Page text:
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Heavy life history …
A life story of a famous Croatian actress Watch Furlan, who has achieved a successful career in our region and America, is a little unreal, as for a movie, because nothing from the moment she fell in love with a Gorana was the same thing.
But it was not "on the branch" where, in the end, she was forced to leave, they did not receive roses.
Mira was born in Zagreb and was a sex symbol of the former Yugoslavia. In his career, he has films such as "Father on the Official Way," "Beauty of the Wedding," "Cyclops." At the height of glory, in 1991, Mira moved from America to a new life.
That is, in 1986, the actress met the Serbian director Goran Gajic with whom she soon began the relationship. Since she lived on the Belgrade-Zagreb route because of her love, Croatian media accused her in the early 1990s of joining Serbia and publishing the articles in which she was called a traitor.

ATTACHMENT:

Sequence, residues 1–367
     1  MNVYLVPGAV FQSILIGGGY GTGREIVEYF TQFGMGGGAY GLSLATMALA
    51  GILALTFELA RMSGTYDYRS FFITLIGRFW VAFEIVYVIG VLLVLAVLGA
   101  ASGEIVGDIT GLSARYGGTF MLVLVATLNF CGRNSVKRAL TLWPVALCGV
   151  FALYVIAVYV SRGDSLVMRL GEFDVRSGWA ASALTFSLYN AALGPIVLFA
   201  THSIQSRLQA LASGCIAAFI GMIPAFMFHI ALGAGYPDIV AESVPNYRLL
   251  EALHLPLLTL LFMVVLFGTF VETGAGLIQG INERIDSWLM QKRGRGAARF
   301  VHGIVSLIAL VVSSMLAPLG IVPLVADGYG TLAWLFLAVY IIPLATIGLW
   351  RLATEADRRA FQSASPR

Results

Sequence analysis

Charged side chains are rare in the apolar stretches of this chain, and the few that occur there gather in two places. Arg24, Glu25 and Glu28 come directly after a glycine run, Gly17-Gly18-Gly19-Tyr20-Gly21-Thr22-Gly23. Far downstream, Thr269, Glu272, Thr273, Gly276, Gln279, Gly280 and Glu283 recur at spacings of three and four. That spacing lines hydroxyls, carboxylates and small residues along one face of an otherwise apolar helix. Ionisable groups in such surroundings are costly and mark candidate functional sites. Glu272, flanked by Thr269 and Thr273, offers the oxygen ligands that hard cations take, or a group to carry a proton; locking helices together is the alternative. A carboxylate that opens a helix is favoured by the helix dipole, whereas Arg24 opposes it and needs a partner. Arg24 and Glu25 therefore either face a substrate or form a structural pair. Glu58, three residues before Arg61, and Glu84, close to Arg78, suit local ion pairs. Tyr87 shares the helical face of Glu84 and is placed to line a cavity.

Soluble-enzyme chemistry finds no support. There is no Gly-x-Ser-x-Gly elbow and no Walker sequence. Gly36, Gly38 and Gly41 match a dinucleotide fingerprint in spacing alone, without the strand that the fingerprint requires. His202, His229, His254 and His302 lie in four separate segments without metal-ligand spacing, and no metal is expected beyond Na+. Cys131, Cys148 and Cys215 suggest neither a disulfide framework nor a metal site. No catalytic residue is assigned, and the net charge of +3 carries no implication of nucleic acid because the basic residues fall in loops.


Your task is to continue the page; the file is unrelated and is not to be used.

She was frequently visited by a psychiatrist, which is why she was also exposed to public condemnation. After she was fired at the Croatian National Theater, she was also deprived of the apartment she inherited from her grandmother, and daily received about 50 death threats.
In 1991, Mira and Goran were forced to move to Belgrade, where they went to the United States, where they worked to survive. Goran worked as a collaborator, assistant editor and editor, and Mira as a waitress, saleswoman and translator.
In the United States, she soon began to create a career. Initially, she played up to 110 episodes of the science fiction series "Babylon 5" from 1994 to 1998.
From 2004 to 2008, she starred in the American series "Lost", which achieved worldwide success, and was also widely seen in Serbia.
When it comes to living in America, she has repeatedly emphasized that it is not easy.
"America is, as we know, a very closed country that is not interested in anything but itself. I think most Americans do not know exactly where the country was called Yugoslavia because it does not know where the new countries were born in that region "for most of the local population of strangers," Furlan said in an interview.
She said that actors and actresses in the United States are treated as transit goods, and that they are often degraded regardless of the fame they have gained.